On a foggy summer night, 11 people --- 10 privileged, one down-on-his-luck painter --- depart Martha's Vineyard on a private jet headed for New York. Sixteen minutes later, the unthinkable happens: the plane plunges into the ocean. The only survivors are Scott Burroughs --- the painter --- and a four-year-old boy, who is now the last remaining member of an immensely wealthy and powerful media mogul's family. With chapters weaving between the aftermath of the crash and the backstories of the passengers and crew members, the mystery surrounding the tragedy heightens. Reviewed by Joe Hartlaub.
I always read on my Kindle or IPad ....I haven't picked up a "real" book in years. Summer is coming and I like to have a few current paperbacks available for friends who may visit for a weekend. They can take them home after the weekend if they're midstream....a good way to eliminate a longer stay!!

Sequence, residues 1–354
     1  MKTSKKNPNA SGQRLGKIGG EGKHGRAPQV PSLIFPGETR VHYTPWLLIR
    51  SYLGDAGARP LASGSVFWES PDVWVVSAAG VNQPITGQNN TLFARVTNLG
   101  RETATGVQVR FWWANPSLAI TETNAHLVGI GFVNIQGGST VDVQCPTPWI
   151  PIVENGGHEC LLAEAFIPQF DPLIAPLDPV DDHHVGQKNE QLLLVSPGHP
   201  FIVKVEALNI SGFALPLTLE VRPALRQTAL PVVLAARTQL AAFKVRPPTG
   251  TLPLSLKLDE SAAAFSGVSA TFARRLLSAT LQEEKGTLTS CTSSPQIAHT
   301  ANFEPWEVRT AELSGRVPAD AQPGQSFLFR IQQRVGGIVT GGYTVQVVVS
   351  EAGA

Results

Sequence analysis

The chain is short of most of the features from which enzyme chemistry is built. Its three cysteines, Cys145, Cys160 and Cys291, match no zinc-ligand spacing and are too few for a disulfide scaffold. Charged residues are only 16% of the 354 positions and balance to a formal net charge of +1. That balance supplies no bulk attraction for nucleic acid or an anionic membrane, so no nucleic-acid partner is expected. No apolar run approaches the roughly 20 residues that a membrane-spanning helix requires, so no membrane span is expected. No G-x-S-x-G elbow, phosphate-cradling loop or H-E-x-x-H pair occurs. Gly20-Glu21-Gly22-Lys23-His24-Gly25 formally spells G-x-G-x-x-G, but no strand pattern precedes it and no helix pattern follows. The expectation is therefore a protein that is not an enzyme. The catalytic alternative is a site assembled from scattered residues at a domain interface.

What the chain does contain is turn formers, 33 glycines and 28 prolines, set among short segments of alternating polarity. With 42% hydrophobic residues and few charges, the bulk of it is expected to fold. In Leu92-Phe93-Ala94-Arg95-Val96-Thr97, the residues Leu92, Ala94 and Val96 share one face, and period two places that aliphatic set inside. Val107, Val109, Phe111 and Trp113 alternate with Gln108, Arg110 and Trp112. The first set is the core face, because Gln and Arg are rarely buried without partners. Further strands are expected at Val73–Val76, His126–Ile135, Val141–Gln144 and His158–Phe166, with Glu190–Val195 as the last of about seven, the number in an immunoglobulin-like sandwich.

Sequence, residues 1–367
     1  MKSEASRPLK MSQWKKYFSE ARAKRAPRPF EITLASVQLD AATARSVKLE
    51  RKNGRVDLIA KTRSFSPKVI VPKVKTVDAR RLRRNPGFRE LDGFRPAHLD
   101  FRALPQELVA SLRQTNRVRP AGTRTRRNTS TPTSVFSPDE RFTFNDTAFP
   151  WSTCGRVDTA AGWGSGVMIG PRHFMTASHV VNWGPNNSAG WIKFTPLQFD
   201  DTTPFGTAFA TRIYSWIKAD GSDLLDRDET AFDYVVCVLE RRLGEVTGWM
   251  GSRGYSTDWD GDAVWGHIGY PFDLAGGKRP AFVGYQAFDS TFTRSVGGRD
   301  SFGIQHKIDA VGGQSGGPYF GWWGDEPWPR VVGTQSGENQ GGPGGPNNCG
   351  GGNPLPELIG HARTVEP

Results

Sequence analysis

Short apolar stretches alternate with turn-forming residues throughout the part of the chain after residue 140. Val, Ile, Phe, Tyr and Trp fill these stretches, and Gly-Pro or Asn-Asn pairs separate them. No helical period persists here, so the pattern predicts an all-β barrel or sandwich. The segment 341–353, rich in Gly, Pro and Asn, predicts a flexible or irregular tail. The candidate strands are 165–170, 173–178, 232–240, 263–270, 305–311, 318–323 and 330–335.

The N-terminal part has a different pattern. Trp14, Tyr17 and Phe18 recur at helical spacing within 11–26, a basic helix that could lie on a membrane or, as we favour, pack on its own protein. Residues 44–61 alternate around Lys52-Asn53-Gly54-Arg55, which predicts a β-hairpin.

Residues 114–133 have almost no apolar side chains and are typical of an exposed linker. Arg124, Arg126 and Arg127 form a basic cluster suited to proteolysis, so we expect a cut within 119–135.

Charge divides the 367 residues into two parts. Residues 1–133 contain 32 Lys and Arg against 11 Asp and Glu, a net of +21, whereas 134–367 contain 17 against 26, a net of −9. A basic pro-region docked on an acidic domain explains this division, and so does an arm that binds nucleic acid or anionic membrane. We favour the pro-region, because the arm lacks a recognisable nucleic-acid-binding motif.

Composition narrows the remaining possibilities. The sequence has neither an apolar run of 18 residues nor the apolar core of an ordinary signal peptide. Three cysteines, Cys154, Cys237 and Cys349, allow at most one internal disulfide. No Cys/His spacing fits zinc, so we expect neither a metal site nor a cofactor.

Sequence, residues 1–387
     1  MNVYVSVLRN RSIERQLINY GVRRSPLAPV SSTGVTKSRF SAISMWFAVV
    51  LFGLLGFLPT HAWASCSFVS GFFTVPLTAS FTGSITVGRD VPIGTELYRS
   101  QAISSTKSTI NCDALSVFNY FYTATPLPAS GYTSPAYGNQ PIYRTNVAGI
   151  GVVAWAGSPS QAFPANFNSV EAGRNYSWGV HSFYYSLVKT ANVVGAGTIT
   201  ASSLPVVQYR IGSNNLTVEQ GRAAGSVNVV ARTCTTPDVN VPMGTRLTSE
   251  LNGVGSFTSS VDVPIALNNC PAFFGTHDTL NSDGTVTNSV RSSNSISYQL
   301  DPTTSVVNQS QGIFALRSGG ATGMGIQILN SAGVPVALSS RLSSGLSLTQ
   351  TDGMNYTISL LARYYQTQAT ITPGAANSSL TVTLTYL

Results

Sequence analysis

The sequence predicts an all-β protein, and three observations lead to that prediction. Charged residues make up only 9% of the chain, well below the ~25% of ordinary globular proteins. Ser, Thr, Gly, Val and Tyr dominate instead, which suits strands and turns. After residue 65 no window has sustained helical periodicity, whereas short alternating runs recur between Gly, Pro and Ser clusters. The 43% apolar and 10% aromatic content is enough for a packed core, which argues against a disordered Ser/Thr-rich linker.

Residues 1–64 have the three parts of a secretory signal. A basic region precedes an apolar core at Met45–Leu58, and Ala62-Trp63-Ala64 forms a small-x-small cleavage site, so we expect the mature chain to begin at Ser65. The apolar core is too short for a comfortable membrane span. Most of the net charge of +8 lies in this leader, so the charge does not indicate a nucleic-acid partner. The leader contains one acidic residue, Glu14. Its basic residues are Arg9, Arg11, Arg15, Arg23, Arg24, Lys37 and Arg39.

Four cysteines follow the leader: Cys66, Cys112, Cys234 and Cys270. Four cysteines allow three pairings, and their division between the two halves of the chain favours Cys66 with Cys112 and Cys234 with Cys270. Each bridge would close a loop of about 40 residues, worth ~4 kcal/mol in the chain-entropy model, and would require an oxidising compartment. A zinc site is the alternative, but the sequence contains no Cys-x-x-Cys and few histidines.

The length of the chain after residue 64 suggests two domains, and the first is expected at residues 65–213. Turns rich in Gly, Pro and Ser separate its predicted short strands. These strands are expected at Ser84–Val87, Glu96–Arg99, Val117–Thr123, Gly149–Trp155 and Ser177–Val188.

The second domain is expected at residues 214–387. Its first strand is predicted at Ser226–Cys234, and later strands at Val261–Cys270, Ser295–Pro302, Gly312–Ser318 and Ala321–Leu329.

When Doug Raymer, chief of police of the forlornly depressed town of North Bath, N.Y., falls into an open grave during a funeral service, it is only the first of many farcical and grisly incidents in Russo's shaggy dog story of revenge and redemption. Among the comical set pieces that propel the narrative are a poisonous snakebite, a falling brick wall, and a stigmatalike hand injury. North Bath, as readers of Nobody's Fool will remember, is the home of Sully Sullivan, the hero of the previous book and also a character here.